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Shipe @ Back Alley in Fullerton

I was a bit worried when I booked the gig. On MySpace, Back Alley looks like an utterly raucous venue, specializing in theme nights, 80’s & Disco, DJ’s, rowdy stuff like metal/punk/swing, or tribute bands like Allison Chains. Why would they book a singer-songwriter into the 11:00 pm – 1:00 am slot? And they booked me instantly on the first inquiry! The thought crossed my mind that they were desperate. You know the old Groucho adage: “I never join a club that would accept me as a member.”
Or worse: maybe they were setting me up for some twisted anti-theme, “Make-Fun-of-the-Serious-Songwriter-Night. (What?! You don’t believe I really think thoughts like that?)
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Shipe loves Spring Standards

I have a new favorite band. And that’s saying a lot, because I haven’t used the phrase “favorite band” since Portishead nearly a decade ago.

The Spring Standards got under my skin last night at splendid small venue in Ventura called Zoey’s Cafe. If I had a band for Yellow House , The Spring Standards would be the Yellow House players. A drumless trio, two dudes trading guitars and bass, and a woman on piano, xylophone and melodica. They all sing. And the lyrics they sing make your heart hurt.
Two slightly inaccurate samples from memory: “Say it/Say the words I see behind your eyes/If it’s not hard to say/then it’s a lie.”
And: “Bending backwards for you honey/I’ll be the one to hold your sad salt eyes/There’ll be nothing left of my honey/But it’s alright.
Yeah, I was moved. In fact I think I heard myself say, “That was the most moving set of music I’ve heard in years.” Read more »

Shipe’s a tweeter now

At the instruction of my worthy publicist, I’m increasing and improving my internet profile situation. On the plus side (really?!) I’m a tweeter now:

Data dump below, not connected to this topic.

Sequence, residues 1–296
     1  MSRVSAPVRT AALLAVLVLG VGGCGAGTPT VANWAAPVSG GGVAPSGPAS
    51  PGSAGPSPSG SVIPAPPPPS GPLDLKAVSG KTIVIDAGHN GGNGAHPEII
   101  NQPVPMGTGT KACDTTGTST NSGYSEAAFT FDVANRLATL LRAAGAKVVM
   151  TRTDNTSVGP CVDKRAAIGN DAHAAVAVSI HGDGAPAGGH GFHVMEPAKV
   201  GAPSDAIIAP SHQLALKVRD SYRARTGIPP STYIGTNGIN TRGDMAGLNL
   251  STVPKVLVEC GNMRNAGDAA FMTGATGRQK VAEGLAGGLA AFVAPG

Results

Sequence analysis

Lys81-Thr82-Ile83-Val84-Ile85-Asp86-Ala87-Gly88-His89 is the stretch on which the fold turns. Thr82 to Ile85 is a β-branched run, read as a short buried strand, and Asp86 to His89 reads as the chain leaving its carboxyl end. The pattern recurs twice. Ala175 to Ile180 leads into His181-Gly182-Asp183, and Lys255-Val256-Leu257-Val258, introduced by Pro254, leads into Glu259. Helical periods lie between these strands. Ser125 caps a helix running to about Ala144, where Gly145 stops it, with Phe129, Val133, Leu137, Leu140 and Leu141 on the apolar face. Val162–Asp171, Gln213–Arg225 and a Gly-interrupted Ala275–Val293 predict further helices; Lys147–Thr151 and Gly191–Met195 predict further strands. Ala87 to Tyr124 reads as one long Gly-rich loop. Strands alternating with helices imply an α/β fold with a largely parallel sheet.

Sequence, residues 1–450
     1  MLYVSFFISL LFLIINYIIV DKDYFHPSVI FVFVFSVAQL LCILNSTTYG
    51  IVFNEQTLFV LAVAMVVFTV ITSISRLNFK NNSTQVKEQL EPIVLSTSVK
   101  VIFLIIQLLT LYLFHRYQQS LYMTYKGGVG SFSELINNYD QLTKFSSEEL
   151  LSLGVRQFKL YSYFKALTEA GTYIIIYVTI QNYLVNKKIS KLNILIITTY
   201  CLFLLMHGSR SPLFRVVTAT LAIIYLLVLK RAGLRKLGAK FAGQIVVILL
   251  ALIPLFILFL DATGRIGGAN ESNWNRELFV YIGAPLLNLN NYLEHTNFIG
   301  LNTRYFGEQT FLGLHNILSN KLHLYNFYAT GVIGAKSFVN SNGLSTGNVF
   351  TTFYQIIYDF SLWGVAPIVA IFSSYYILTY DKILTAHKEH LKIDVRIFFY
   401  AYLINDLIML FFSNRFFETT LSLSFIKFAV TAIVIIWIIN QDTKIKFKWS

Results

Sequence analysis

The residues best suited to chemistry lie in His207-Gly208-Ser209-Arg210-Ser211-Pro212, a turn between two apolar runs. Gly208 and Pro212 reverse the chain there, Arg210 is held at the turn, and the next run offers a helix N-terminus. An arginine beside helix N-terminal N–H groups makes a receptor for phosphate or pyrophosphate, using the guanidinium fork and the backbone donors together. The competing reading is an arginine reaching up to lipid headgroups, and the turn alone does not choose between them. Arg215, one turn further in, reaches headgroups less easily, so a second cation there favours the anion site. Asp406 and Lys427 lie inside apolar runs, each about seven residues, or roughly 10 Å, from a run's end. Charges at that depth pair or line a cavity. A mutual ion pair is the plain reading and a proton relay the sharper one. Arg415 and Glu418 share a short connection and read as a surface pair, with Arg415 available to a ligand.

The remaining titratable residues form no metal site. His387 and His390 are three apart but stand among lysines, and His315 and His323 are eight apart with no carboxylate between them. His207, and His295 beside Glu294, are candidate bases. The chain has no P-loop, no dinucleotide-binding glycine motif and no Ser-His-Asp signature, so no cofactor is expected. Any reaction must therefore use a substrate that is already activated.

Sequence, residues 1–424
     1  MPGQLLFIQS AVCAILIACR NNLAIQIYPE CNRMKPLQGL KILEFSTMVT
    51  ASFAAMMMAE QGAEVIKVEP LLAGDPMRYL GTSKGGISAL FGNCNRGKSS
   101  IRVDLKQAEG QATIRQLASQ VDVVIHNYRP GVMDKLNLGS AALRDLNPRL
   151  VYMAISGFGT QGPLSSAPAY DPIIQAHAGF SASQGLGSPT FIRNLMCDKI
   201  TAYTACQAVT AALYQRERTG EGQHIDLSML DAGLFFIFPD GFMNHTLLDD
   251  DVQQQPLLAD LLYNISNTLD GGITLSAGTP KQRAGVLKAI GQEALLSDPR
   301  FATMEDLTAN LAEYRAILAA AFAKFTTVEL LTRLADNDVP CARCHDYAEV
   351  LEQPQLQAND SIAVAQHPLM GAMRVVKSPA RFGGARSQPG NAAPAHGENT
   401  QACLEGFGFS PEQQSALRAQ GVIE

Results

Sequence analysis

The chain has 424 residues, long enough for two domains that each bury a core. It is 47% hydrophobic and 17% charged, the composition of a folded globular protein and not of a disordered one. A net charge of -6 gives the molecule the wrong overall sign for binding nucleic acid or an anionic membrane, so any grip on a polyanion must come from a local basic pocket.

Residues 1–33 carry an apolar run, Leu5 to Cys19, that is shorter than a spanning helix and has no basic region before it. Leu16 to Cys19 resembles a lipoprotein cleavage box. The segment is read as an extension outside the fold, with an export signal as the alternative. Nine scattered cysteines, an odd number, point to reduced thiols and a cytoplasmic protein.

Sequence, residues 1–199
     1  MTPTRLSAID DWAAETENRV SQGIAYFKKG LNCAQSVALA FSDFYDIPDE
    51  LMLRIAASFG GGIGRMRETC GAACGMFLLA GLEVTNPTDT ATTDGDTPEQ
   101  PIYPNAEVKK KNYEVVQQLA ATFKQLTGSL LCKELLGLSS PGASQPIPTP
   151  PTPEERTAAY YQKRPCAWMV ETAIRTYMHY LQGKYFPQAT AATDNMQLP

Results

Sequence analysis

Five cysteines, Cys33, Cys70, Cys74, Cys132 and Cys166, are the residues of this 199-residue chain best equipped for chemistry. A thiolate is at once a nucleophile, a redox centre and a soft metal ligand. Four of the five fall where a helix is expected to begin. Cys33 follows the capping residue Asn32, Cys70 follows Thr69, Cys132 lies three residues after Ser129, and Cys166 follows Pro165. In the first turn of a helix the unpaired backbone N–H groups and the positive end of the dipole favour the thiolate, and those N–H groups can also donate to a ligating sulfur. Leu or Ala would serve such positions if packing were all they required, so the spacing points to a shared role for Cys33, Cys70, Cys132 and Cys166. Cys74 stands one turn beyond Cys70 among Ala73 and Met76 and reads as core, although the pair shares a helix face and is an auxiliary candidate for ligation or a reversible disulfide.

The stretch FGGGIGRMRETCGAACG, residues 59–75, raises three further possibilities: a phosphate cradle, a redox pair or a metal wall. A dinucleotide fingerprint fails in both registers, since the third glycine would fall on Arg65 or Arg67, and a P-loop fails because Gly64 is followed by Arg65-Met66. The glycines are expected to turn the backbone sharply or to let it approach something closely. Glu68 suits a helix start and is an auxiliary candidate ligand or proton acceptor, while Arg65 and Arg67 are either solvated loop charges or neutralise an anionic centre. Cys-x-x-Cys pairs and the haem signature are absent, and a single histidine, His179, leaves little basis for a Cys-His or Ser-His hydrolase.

(Good heavens, after all the fun I’ve made of this civilization-sinking fad, to find out that it’s necessary for effective music biz promo… Well, I’ll try to have some fun and not be too snobbish about it. Hell, if Sarah Palin can do it, maybe I can too.)

I’ve also changed my facebook situation, created a new artist profile:

But I sort of totally screwed up my personal profile, accidently setting up a new one: (Sometimes this profile refuses to show its content; I have no idea why, but I’ll figure it out.)

Shipe “Villain” promo campaign launched

The new CD is in hand! It looks good, sounds good… it is good. Ebbage and I are quite proud of it–feeling like it’s the best we’ve done thus far.

However, those of you artists who record albums, write novels, and direct films, know exactly what I’m talking about when I speak of an inner unease–an anti-climax, an angst, a malaise, a daunting. Because, now the real work begins. You hold it in your hand. You know you’ve done your best, and in your most objective evaluation possible, you feel pretty damn proud of how it turned out. But no matter how good it is, it doesn’t sell itself.

Actually, after the initial reckoning of the task at hand, I realize that there is nearly as much fun in the selling as in the making, as it involves playing shows, meeting people, and tons of self-involved navel-gazing on the internet.

For this album, I’m working with Green Light Go

They’re pretty heavyweight, based in Michigan, helping me get the music heard higher up the food chain than I could on my own

We have a national release date set for February 1, 2011. But local friends and fans in my home state of Oregon won’t have to wait that long. Early availability in the second week of December!

Shipe in L.A./CD finished

I have relocated to L.A. (North Hollywood, to be precise.) And I’m sitting here with my new CD in hand–Villain. (News on its official release and availability will be forthcoming.)

I’ve got my work cut out for me here. We ain’t in Oregon, that’s for sure. It’s big, noisy, metal & concrete. I haven’t yet met a person who isn’t an actor or employed otherwise in the film and/or music industry.

It is also hot. 90 degrees in November.

I have my office and my little living room studio set up. And my to-do list is gargantuan. A lot of promotion, a lot of meetings, but mostly booking. Booking like crazy. I’m looking for a hundred gigs in 6 months. Tough to swing when you’re doing it yourself. So, add to that list “finding an agent.”